Secretary Knox Talks to Sub Hunter, 9/29/1942. Carribean Defense Area—On his tour of Carribean defense outposts, Secretary of the Navy Frank Knox, (center), talks to gunner Harry Suckman, (right), of Boston, Mass., still at his post in the gun blister of a PBY patrol plane after it returned to its base near the Panama Canal from a sub-hunting patrol flight. At far left is Rear Admiral Clifford Evans Van Hook, commander of the naval forces in the area.  Credit: ACME;

Secretary Knox Talks to Sub Hunter, 9/29/1942. Carribean Defense Area—On his tour of Carribean defense outposts, Secretary of the Navy Frank Knox, (center), talks to gunner Harry Suckman, (right), of Boston, Mass., still at his post in the gun blister of a PBY patrol plane after it returned to its base near the Panama Canal from a sub-hunting patrol flight. At far left is Rear Admiral Clifford Evans Van Hook, commander of the naval forces in the area. Credit: ACME;

LABOR DAY KEEL LAYING AT CHARLESTON, 9/8/1942. CHARLESTON, S.C. – The first wartime Labor Day found workers at the Navy Yard here putting in a full day on the job and then attending the laying of keels for two landing ships. Striking arcs on one of the new keels are, L. to R., F.O. Tillman, Robert Kellahan, and Moses B. Rayes. Their proud wives stand behind them watching with aid of protective face shields. Credit: U.S. Navy photo via OWI Radiophoto from ACME;

LABOR DAY KEEL LAYING AT CHARLESTON, 9/8/1942. CHARLESTON, S.C. – The first wartime Labor Day found workers at the Navy Yard here putting in a full day on the job and then attending the laying of keels for two landing ships. Striking arcs on one of the new keels are, L. to R., F.O. Tillman, Robert Kellahan, and Moses B. Rayes. Their proud wives stand behind them watching with aid of protective face shields. Credit: U.S. Navy photo via OWI Radiophoto from ACME;

Rescue of Survivors from H.M.S. Dorsetshire, 9/8/1942. Indian Ocean – It’s all past history to these survivors of the British Cruiser H.M.S. Dorsetshire as they crowd the decks of the British Destroyer that came to the rescue, telling their buddies their experiences during the action in the Indian Ocean in which the Dorsetshire and another cruiser were sunk. From their attitudes, you’d think that they were just sunning themselves on deck. Credit: ACME;

Rescue of Survivors from H.M.S. Dorsetshire, 9/8/1942. Indian Ocean – It’s all past history to these survivors of the British Cruiser H.M.S. Dorsetshire as they crowd the decks of the British Destroyer that came to the rescue, telling their buddies their experiences during the action in the Indian Ocean in which the Dorsetshire and another cruiser were sunk. From their attitudes, you’d think that they were just sunning themselves on deck. Credit: ACME;

December 7—Plus Eight Months, 9/8/1942. SOLOMON ISLANDS—Marines hoist Old Glory over the first territory taken back from the Japs, eight months to the day after Pearl Harbor. Not fully showing in the picture is Major General Vandergrift, one of the leaders in the attack on the Solomons. Credit: U.S. Marine Corps photo from News of the Day supplied by ACME;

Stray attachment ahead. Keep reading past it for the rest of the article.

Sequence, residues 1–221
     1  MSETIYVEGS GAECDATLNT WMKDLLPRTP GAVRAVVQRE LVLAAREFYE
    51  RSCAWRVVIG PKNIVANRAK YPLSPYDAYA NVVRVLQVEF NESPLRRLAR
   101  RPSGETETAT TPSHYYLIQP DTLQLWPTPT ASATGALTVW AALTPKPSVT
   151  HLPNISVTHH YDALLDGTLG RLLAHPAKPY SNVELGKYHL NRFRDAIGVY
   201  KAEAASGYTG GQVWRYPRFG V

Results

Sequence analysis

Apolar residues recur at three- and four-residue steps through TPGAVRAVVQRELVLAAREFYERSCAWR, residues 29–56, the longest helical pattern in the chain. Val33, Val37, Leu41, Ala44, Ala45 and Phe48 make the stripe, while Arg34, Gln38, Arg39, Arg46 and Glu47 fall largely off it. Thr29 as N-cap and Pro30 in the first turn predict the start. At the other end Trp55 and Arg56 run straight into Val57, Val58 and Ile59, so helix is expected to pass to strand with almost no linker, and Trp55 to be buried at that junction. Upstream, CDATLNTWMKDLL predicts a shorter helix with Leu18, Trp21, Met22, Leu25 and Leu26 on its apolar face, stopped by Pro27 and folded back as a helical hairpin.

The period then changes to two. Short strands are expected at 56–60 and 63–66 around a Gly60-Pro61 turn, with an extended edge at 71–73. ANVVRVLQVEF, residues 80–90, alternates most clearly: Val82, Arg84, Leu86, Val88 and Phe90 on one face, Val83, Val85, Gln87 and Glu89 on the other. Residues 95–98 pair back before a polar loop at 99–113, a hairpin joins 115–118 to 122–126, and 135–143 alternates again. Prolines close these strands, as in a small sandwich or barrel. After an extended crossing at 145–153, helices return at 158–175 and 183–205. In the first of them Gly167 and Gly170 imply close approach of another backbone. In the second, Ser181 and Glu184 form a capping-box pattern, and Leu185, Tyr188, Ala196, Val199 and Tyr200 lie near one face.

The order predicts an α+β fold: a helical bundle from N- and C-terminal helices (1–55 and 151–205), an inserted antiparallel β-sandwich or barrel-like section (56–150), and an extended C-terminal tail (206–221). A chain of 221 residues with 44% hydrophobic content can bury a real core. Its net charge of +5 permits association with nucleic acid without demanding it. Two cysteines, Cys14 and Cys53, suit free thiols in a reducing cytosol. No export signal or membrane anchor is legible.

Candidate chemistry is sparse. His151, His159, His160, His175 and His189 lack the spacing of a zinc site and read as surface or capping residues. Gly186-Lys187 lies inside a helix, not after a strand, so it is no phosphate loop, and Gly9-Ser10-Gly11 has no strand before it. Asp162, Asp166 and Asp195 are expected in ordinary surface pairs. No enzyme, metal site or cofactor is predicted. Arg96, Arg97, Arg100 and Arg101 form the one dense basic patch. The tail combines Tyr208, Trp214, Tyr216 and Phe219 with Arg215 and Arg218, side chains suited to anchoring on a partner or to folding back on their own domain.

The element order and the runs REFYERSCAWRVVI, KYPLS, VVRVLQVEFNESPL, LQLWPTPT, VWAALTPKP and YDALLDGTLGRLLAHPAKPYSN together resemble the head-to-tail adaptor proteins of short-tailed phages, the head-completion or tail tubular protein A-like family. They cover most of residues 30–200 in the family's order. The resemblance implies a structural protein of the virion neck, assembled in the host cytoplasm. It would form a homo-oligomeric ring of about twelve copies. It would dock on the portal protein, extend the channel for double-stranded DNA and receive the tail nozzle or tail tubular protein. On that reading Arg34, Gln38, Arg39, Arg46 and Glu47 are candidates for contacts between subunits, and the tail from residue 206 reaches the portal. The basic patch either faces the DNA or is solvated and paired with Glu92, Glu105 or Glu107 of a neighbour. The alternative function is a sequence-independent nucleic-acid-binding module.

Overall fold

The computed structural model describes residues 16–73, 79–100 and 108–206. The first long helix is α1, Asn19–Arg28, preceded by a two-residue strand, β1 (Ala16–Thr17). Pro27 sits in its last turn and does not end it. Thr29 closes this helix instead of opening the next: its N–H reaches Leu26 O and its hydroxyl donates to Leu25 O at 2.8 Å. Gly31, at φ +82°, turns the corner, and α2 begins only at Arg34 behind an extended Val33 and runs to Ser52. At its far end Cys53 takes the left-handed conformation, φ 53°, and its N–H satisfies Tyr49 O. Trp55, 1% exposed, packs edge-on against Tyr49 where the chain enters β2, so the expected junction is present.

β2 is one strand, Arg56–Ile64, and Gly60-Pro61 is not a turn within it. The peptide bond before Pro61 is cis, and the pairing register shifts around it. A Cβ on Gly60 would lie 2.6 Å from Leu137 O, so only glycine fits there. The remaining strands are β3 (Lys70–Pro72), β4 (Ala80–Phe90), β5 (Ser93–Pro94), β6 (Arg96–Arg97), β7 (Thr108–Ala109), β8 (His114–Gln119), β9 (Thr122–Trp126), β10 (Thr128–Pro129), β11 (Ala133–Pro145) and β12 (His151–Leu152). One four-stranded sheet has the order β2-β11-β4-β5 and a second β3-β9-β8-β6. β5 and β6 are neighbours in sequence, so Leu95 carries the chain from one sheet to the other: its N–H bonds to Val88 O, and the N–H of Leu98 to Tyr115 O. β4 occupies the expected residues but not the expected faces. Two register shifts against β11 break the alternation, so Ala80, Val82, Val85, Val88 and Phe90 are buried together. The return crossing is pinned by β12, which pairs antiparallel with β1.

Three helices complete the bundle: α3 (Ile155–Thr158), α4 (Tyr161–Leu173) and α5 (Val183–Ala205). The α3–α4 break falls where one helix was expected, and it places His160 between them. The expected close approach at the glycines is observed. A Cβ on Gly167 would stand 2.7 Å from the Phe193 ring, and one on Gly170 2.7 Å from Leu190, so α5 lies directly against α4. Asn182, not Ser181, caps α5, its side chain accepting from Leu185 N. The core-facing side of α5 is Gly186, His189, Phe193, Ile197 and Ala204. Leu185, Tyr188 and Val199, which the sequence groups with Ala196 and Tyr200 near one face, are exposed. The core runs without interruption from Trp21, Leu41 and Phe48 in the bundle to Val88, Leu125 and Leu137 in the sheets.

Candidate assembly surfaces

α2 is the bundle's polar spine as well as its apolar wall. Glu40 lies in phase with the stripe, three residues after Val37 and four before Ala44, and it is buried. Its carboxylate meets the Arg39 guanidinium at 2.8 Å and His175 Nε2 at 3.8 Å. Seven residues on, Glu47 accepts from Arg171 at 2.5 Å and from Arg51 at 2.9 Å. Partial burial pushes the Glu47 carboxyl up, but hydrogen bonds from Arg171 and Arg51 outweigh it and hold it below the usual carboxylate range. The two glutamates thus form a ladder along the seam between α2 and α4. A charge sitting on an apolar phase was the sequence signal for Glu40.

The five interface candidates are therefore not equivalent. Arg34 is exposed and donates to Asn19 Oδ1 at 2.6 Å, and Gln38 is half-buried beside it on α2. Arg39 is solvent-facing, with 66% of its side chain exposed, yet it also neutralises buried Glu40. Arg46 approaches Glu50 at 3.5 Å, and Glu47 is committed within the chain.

December 7—Plus Eight Months, 9/8/1942. SOLOMON ISLANDS—Marines hoist Old Glory over the first territory taken back from the Japs, eight months to the day after Pearl Harbor. Not fully showing in the picture is Major General Vandergrift, one of the leaders in the attack on the Solomons. Credit: U.S. Marine Corps photo from News of the Day supplied by ACME;

“Digging In”, 9/8/1942. SOLOMON ISLANDS—U.S. Marines establish positions on a beach in Guadalcanal after the opening battle of the first American offensive of World War II. The amphibian tractor, in the background, churned the South Seas waters to bring these marines ashore. Credit: U.S. Marine Corps photo from News of the Day supplied by ACME;

“Digging In”, 9/8/1942. SOLOMON ISLANDS—U.S. Marines establish positions on a beach in Guadalcanal after the opening battle of the first American offensive of World War II. The amphibian tractor, in the background, churned the South Seas waters to bring these marines ashore. Credit: U.S. Marine Corps photo from News of the Day supplied by ACME;

Squatter’s Rights, 9/8/1942. SOLOMON ISLANDS—The first U.S. plane to land after the capture of a beautiful Jap-built air field on Guadalcanal rests on the field’s mile-long runway. The plane, taking possession, is an amphibian patrol bomber. Credit: U.S. Marine Corps photo from News of the Day supplied by ACME;

Squatter’s Rights, 9/8/1942. SOLOMON ISLANDS—The first U.S. plane to land after the capture of a beautiful Jap-built air field on Guadalcanal rests on the field’s mile-long runway. The plane, taking possession, is an amphibian patrol bomber. Credit: U.S. Marine Corps photo from News of the Day supplied by ACME;

Chicago Bureau, 9/8/1942. CHICAGO, ILL. -- Although confined to a wheelchair, Albert Wiese, 54, infantile paralysis victim, works daily in a Chicago radio plant making radios for the Army and Navy. Your Credit: must read ACME;

Chicago Bureau, 9/8/1942. CHICAGO, ILL. -- Although confined to a wheelchair, Albert Wiese, 54, infantile paralysis victim, works daily in a Chicago radio plant making radios for the Army and Navy. Your Credit: must read ACME;